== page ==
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Schumer, McConnell reach deal on Trump impeachment trial
Senate leadership announced on Monday that they have reached a deal on the framework for former President Trump's impeachment trial, which will start on Tuesday.
"For the information of the Senate, the Republican leader and I, in consultation with both the House managers and Former President Trump's lawyers, have agreed to a bipartisan resolution to govern the structure and timing of the impending trial," Senate Majority Leader Charles Schumer (D-N.Y.) said from the Senate floor.
"All parties have agreed to a structure that will ensure a fair and honest Senate impeachment trial of the former president," Schumer said.
Senate Minority Leader Mitch McConnell (R-Ky.) confirmed on the Senate floor that they have reached a deal, noting that it "preserves due process and the rights of both sides."
"I'm pleased that Leader Schumer and I were able to reach an agreement on a fair process and estimated timeline for the upcoming Senate trial," McConnell said. "It will give senators as jurors ample time to receive the case and the arguments."
Schumer's announcement comes after he disclosed during a press conference in New York earlier that they were finalizing an agreement.
The timeline would allow the trial to wrap up as early as next week, if both sides agree not to call witnesses.
Under the deal, the Senate will debate and vote on Tuesday on whether the trial is constitutional. The effort to declare the trial unconstitutional will fall short after Rand Paul (R-Ky.) forced a vote on the issue late last month. Forty-four GOP senators supported his effort.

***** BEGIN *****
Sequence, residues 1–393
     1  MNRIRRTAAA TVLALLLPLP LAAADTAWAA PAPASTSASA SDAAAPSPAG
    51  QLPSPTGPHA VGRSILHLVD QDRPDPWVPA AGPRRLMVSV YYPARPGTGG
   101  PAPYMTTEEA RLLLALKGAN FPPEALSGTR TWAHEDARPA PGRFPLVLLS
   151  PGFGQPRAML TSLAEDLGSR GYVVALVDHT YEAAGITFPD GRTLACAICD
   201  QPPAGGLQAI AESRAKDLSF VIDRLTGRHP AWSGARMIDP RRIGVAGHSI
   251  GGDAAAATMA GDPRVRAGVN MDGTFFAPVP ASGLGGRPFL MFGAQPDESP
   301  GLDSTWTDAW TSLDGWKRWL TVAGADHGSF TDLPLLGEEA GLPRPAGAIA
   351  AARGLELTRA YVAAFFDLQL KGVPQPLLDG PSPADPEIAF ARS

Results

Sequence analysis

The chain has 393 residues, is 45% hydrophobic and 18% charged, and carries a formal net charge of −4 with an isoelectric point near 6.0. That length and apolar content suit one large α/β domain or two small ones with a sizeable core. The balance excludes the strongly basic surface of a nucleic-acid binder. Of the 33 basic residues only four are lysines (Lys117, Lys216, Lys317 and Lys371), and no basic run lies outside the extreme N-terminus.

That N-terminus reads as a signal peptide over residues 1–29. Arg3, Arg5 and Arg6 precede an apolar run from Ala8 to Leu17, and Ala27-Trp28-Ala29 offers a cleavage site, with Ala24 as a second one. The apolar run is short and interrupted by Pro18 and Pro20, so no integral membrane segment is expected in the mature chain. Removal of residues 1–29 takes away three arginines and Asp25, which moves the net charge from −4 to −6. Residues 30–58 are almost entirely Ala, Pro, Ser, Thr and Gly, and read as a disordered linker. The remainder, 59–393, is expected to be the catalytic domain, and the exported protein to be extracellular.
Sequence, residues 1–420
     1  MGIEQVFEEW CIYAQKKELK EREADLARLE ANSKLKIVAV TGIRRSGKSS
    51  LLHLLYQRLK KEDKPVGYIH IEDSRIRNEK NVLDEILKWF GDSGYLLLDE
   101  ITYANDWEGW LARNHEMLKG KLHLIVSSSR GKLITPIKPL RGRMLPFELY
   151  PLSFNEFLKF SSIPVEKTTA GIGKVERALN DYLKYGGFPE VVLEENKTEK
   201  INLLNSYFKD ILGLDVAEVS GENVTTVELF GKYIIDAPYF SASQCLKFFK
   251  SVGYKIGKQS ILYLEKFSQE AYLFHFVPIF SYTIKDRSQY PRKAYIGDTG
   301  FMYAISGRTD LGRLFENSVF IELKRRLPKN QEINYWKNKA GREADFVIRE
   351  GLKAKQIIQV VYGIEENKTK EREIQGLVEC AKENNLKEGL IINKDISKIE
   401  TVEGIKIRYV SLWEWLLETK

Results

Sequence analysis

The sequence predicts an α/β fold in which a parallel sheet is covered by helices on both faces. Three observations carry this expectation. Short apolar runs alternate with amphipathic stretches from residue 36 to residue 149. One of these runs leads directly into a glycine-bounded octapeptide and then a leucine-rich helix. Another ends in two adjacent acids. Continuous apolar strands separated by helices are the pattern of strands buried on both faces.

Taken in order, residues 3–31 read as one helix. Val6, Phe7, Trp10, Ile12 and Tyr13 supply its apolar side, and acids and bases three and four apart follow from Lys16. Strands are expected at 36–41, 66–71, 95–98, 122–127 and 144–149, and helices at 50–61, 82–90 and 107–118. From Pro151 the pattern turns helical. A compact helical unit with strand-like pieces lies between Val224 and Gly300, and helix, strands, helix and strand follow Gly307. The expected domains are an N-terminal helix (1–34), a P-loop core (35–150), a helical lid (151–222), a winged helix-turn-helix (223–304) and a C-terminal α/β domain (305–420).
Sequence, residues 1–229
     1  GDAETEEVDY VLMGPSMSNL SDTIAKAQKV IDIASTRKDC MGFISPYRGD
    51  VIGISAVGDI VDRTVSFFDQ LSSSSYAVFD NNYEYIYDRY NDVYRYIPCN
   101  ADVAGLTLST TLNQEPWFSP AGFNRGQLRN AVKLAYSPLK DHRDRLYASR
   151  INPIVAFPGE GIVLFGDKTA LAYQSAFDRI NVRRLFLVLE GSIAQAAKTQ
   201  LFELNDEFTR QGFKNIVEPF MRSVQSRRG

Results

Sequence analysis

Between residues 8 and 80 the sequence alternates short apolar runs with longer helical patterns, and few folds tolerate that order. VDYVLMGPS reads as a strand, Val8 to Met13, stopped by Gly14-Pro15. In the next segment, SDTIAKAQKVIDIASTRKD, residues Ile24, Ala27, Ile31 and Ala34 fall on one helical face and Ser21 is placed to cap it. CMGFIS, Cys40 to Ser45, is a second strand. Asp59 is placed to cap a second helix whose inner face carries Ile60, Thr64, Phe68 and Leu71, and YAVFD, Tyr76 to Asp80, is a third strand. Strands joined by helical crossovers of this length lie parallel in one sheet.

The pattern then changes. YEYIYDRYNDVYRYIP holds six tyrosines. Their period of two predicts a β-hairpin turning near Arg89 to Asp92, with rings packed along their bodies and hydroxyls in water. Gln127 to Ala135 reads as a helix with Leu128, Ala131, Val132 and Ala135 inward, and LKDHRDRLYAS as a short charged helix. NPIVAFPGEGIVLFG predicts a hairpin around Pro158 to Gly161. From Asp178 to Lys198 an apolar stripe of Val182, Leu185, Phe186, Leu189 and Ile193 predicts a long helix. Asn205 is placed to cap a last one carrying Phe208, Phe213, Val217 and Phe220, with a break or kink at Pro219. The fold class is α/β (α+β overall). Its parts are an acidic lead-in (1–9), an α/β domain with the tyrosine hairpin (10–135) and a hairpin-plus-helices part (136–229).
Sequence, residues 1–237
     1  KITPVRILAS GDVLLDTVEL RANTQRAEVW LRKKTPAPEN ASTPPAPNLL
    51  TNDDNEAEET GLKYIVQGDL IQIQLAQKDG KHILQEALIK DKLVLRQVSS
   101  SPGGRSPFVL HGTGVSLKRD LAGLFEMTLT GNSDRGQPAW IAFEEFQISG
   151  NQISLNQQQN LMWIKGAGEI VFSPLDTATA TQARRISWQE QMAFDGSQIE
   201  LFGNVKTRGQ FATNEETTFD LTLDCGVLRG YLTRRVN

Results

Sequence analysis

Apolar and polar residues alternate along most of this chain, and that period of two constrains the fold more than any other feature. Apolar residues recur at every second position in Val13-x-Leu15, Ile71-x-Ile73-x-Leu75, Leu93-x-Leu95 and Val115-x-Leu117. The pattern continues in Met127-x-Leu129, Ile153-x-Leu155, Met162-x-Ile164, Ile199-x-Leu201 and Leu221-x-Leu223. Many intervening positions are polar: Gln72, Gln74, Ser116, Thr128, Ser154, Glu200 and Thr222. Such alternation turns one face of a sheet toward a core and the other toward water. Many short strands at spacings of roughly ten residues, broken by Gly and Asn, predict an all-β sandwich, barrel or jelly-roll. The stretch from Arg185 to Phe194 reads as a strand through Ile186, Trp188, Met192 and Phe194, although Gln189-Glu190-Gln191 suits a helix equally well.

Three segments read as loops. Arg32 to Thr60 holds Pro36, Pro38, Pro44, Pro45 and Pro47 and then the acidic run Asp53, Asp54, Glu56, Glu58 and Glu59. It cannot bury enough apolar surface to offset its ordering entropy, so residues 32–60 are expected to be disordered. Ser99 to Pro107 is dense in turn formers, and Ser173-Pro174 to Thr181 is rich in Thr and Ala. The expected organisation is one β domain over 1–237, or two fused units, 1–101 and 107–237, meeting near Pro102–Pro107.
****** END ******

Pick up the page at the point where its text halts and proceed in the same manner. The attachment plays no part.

Opening arguments will start on Wednesday. Under the deal, the House impeachment managers and Trump's team will have 16 hours over two days each to present their case to the Senate.
That's a faster pace than both the Clinton trial and the first Trump trial where both sides got 24 hours.
The deal also leaves the door open to calling witnesses. The House impeachment managers previously invited Trump to testify under oath, an offer his attorneys rejected. They haven't yet said if they will try to get the Senate to call other witnesses.
The trial will also be paused on Saturday to accommodate a request from one of Trump's attorneys to observe the Jewish Sabbath.
If both sides use all of their time, that would set up opening arguments to wrap on Sunday.
After that the Senate is expected to have time to ask questions of both sides, as well as potential deliberations. In previous trials, senators have had two days for the question-and-answer session. According to the resolution of the trial's rules, senators will get four hours to ask questions.
Both sides will get two hours for closing arguments.
"As in previous trials, there will be equal time for senator questions and for closing arguments and an opportunity for the Senate to hold deliberations if it so chooses and then we will vote on the article of impeachment," Schumer said.
The trial comes nearly five weeks after the Jan. 6 attack on the Capitol.
Though Republicans fumed after Trump urged his supporters to march to the Capitol as lawmakers were counting the Electoral College result, Democrats are not expected to be able to get the 17 Republican votes needed to convict Trump.